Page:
This webpage will assist residents of Tennessee in understanding the costs associated with elder care, such as assisted living, home care, and adult day care. A variety of payment options and programs that provide financial assistance and care support, enabling seniors to age in residential care facilities or at home, are explored. Options for payment are also covered.
While the programs covered here are inclusive of what is available via the state of Tennessee, there are also programs available at a national level. When researching options for care, it is extremely important to explore every option to find the best program for the situation. To assist in finding programs nationwide, please use our Resource Locator Tool.
Answer the questions below to see the cost of care in your area.
In Tennessee, according to Genworth’s 2020 Cost of Care Survey, the 2021 statewide average cost of assisted living is $4,039 / month. However, the monthly average can fluctuate quite a bit throughout the state, depending on one’s geographic location. The least expensive areas of the state for assisted living are Nashville-Davidson, Morristown, Johnson City, and Jackson, where the monthly average ranges between $3,435 and $3,750. The most expensive areas are Kingsport, Cleveland, Memphis, and Chattanooga, where the average monthly cost is higher than the state average at $4,200 to $4,515 / month. For cost savings, one may consider moving to an area that offers assisted living at a lower rate.
Alzheimer’s care, also called Memory Care, often is even more costly, given the greater level of care and safety measures. On average, this type of care costs an additional $858 – $1,128 / month.
As of 2021, per the 2020 Genworth Cost of Care Survey, the average cost of home care per hour in Tennessee is $20.50. The most affordable areas for home care are Knoxville, Memphis, and Jackson, where the average hourly rate is $19.25 – $20.00. The areas of Kingsport, Johnson City, and Clarksville are on par with the statewide hourly average. The most expensive areas are Nashville-Davidson, Chattanooga, and Morristown, with an average rate of $22.00 / hour.
For those who need limited medical assistance in the home, home health care is also available at approximately $.50 more an hour statewide. One exception is the area of Cleveland, where the cost of home health care is approximately $2.75 more an hour than is home care.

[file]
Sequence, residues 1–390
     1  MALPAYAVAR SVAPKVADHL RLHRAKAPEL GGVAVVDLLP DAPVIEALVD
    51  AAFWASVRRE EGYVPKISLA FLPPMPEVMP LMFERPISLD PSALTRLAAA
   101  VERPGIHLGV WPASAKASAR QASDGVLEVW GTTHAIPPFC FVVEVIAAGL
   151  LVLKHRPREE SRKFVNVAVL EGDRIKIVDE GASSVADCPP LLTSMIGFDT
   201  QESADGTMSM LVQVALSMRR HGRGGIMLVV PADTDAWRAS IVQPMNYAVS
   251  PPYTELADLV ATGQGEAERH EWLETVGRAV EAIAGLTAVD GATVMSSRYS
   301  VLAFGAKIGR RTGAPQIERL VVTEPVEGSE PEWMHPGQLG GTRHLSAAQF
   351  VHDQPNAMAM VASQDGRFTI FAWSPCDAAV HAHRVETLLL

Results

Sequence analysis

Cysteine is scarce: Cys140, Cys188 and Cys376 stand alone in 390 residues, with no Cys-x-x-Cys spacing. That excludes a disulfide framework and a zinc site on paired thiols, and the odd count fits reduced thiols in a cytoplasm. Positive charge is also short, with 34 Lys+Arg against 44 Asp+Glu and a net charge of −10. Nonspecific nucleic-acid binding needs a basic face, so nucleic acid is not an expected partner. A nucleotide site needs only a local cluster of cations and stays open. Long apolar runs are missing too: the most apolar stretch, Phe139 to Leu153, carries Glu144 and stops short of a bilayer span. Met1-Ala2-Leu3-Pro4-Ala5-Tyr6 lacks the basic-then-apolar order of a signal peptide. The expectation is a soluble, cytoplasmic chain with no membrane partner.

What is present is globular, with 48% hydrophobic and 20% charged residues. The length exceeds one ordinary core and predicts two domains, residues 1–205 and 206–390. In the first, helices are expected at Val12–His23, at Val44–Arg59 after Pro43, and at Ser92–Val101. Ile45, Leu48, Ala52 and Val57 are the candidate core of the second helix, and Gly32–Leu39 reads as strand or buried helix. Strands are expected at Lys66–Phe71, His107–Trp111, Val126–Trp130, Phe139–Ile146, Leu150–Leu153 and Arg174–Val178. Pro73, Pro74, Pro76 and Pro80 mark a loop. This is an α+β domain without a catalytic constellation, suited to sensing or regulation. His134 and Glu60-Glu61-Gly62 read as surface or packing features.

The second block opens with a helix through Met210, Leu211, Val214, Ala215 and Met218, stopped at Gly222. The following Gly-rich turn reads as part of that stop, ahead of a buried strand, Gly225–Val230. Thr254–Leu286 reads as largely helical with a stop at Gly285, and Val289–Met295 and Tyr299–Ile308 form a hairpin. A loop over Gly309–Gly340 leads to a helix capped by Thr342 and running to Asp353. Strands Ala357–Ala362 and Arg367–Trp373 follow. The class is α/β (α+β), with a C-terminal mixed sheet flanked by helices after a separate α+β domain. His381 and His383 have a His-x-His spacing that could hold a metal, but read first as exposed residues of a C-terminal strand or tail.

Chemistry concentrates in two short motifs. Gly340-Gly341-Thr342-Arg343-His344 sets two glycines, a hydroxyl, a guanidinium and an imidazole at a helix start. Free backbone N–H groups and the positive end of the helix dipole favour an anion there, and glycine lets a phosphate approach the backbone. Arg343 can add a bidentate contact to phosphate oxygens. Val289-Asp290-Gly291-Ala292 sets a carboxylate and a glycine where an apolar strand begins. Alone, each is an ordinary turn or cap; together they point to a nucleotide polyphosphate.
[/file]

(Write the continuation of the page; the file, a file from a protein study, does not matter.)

According to Genworth’s 2020 Cost of Care Survey, the average daily rate in Tennessee for adult day care in 2021 is $78, which is just over the national average of $74. The rate for daily care does not vary significantly across the state, with the exception of Johnson City. Here, the most expensive rate is found at approximately $95 / day. The most affordable areas for adult day care are Morristown, Memphis, and Knoxville, where daily rates run between $71 and $78. In Chattanooga, Cleveland, and Nashville-Davidson, the average cost is just over the statewide average and is between $80 and $83 /day.
Medicaid is a health care program designed to assist low-income individuals and families in affording the cost of medical care. In Tennessee, Medicaid is known as TennCare, and will provide limited personal care, as well as cover the cost of living in a nursing home for seniors and disabled individuals.
Medicaid also offers long-term care in the home and community for the elderly and disabled through Medicaid Waivers, often called Home and Community Based Services Waivers (HCBS). These waivers are intended to prevent or delay nursing home placements. Many seniors and disabled individuals prefer to age at home, and doing so saves the state of Tennessee money.
As of 2023, Tennessee currently offers one Medicaid Waiver relative to the elderly, the TennCare CHOICES in Long-Term Care Program, often simply referred to as CHOICES. While this program does provide nursing home services, it also assists seniors and/or disabled individuals who would require nursing home care, if not for the services provided via this waiver. Assistance may include personal care, homemaker services, meal delivery, respite care, adult day care, and home modifications. Some services can be consumer directed, or said another way, participants are able to self direct their own care. This means friends and some family members can be hired as the care recipient’s personal care attendant. Eligible applicants may live in their home, the home of a relative, an adult foster care home, or in assisted living. To learn more about this waiver and the eligibility requirements, click here.
*Note: There was a former Tennessee Waiver called the Elderly and Disabled Home and Community Based Services Waiver (E & D HCBS). However, this waiver was replaced with CHOICES.
In order to be eligible for long-term care Medicaid in Tennessee, there are functional and financial requirements that must be met. As of 2023, a senior applicant must not have income in excess of 300% of the Federal Benefit Rate (FBR). This figure is equivalent to $2,742 a month. If an applicant is over the income limit, it is still possible to meet the income restriction through the use of an irrevocable Qualified Income Trust (QIT). So not to cause confusion, QITs are the same thing as Miller Trusts